Orthogonal Labeling of M13 Minor Capsid Proteins with DNA to Self-Assemble End-to-End Multiphage Structures
Author(s)Hess, Gaelen T.; Guimaraes, Carla P.; Spooner, Eric; Ploegh, Hidde; Belcher, Angela M.
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M13 bacteriophage has been used as a scaffold to organize materials for various applications. Building more complex multiphage devices requires precise control of interactions between the M13 capsid proteins. Toward this end, we engineered a loop structure onto the pIII capsid protein of M13 bacteriophage to enable sortase-mediated labeling reactions for C-terminal display. Combining this with N-terminal sortase-mediated labeling, we thus created a phage scaffold that can be labeled orthogonally on three capsid proteins: the body and both ends. We show that covalent attachment of different DNA oligonucleotides at the ends of the new phage structure enables formation of multiphage particles oriented in a specific order. These have potential as nanoscale scaffolds for multi-material devices.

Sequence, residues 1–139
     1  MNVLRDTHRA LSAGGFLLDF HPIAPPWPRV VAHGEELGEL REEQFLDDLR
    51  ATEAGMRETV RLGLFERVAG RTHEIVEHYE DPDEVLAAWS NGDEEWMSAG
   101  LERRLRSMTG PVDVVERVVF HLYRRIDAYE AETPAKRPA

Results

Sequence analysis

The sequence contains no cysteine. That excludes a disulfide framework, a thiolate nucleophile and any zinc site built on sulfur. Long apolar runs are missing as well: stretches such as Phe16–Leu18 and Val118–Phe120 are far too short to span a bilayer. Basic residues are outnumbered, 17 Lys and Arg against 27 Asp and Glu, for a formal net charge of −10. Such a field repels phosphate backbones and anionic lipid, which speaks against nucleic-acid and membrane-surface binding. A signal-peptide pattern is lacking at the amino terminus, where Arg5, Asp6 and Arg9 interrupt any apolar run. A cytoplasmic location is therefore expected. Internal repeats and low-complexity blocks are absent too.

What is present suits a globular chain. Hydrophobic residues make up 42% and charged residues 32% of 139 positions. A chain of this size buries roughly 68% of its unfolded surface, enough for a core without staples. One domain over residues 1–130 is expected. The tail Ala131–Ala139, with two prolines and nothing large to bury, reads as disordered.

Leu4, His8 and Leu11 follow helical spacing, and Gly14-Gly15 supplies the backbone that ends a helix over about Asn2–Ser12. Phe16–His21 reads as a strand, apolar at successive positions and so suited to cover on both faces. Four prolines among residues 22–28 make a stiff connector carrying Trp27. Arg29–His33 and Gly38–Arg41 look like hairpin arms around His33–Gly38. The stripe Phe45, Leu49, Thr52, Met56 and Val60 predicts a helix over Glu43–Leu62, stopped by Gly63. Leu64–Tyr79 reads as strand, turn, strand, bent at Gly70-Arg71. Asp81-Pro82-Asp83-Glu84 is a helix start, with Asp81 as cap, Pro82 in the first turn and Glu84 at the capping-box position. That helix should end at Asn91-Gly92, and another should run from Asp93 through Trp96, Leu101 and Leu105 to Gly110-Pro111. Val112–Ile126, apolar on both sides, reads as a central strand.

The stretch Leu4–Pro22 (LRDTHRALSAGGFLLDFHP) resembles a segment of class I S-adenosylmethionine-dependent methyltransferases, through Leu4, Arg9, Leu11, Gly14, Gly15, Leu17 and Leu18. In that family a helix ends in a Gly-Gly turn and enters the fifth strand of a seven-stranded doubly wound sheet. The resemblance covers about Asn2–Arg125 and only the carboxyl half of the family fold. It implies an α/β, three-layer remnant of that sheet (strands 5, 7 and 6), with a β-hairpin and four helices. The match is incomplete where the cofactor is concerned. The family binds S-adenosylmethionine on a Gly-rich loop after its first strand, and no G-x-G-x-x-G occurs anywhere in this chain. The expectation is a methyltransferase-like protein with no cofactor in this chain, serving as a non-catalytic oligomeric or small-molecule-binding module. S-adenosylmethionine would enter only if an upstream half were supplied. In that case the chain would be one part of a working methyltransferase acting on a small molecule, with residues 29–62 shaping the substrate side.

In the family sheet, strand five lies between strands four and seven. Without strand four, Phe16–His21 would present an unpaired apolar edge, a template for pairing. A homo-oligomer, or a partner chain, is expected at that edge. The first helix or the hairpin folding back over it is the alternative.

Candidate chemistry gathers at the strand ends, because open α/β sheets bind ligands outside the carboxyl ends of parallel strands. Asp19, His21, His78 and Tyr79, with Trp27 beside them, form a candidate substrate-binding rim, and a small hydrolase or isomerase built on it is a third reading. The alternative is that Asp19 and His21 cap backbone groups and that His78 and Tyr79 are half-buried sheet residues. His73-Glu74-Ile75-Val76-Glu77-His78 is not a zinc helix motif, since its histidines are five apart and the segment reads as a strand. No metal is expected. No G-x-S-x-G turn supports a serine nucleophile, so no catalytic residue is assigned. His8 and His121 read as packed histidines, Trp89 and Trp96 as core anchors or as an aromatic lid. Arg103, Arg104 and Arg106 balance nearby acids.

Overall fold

DepartmentDavid H. Koch Institute for Integrative Cancer Research at MIT; Massachusetts Institute of Technology. Department of Biological Engineering; Massachusetts Institute of Technology. Department of Biology; Massachusetts Institute of Technology. Department of Materials Science and Engineering
ACS Synthetic Biology
American Chemical Society (ACS)
Hess, Gaelen T., Carla P. Guimaraes, Eric Spooner, Hidde L. Ploegh, and Angela M. Belcher. “Orthogonal Labeling of M13 Minor Capsid Proteins with DNA to Self-Assemble End-to-End Multiphage Structures.” ACS Synthetic Biology 2, no. 9 (September 20, 2013): 490–496. © 2013 American Chemical Society.
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